Tuesday, January 12, 2010 \PM\.\Tue\.
From “Individualism: True and False” (1946)
…[T]he state, the embodiment of deliberately organized and consciously directly power, ought to be only a small part of the much richer organism which we call “society,” and that the former ought to provide merely a framework within which free (and therefore not “consciously directed”) collaboration of men has the maximum scope.
This entails certain corollaries on which true individualism once more stands in sharp opposition to the false individualism of the rationalistic type. The first is that the deliberately organized state on the one side, and the individual on the other, far from being regarded as the only realities, while all the intermediate formations and associations are to be deliberately suppressed, as was the aim of the French Revolution, the noncompulsory conventions of social intercourse are considered as essential factors in preserving the orderly working of human society. The second is that the individual, in participating in the social processes, must be ready and willing to adjust himself to changes and to submit to conventions which are not the result of intelligent design, whose justification in the particular instance may not be recognizable, and which to him often appear unintelligible and irrational. Read the rest of this entry »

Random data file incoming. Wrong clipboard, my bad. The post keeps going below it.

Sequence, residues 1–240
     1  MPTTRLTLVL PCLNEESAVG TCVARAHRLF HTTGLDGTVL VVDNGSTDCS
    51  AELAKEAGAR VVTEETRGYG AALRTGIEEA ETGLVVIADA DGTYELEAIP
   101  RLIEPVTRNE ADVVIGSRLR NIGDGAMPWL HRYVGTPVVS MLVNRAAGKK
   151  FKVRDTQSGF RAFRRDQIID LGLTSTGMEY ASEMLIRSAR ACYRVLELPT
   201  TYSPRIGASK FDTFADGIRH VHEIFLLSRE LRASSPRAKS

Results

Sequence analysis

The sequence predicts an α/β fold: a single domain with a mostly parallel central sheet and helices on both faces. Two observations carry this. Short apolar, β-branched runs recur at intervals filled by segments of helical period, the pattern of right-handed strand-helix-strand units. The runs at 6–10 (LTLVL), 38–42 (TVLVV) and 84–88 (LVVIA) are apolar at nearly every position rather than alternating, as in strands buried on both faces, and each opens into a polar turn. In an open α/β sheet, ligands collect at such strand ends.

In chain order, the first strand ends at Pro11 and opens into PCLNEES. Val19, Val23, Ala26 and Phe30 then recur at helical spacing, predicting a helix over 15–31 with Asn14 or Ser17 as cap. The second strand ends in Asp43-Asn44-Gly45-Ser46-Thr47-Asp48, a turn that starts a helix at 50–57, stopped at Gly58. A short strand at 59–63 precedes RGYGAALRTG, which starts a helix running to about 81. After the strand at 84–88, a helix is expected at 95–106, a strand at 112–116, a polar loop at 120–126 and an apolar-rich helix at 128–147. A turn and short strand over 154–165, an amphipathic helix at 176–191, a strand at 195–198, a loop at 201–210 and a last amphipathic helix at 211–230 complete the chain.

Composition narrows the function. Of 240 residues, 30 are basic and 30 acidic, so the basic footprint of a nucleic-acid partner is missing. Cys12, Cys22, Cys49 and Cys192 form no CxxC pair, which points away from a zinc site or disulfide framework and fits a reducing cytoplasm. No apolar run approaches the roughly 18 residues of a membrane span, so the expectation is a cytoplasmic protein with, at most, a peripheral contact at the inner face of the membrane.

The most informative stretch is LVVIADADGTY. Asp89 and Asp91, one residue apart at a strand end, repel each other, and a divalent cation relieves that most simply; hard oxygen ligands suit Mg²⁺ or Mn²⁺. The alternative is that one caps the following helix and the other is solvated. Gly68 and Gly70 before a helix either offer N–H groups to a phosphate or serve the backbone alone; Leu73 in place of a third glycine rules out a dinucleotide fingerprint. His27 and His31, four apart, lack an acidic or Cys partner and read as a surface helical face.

Tuesday, January 12, 2010 \AM\.\Tue\.
A Defense Department Review has found that doctors overseeing the training of the Fort Hood shooter continually voiced complaints concerning his strident views on Islam and inappropriate behavior. At the same time Nidal Hasan was promoted and received positive performance evaluations.
In telling episodes from the latter stages of Hasan’s lengthy medical education in the Washington, D.C., area, he gave a class presentation questioning whether the U.S.-led war on terror was actually a war on Islam. And fellow students said he suggested that Shariah (shah-REE’-yuh), or Islamic law, trumped the Constitution and he attempted to justify suicide bombings.
Yet no one in Hasan’s chain of command appears to have challenged his eligibility to hold a secret security clearance even though they could have because the statements raised doubt about his loyalty to the United States. Had they, Hasan’s fitness to serve as an Army officer may have been called into question long before he reported to Fort Hood.
Instead, in July 2009, Hasan arrived in central Texas, his secret clearance intact, his reputation as a weak performer well known, and Army authorities believing that posting him at such a large facility would mask his shortcomings.
The Army knew not only that Hassan was a Jihadist sympathizer, but that he was also a substandard doctor:
Read the rest of this entry »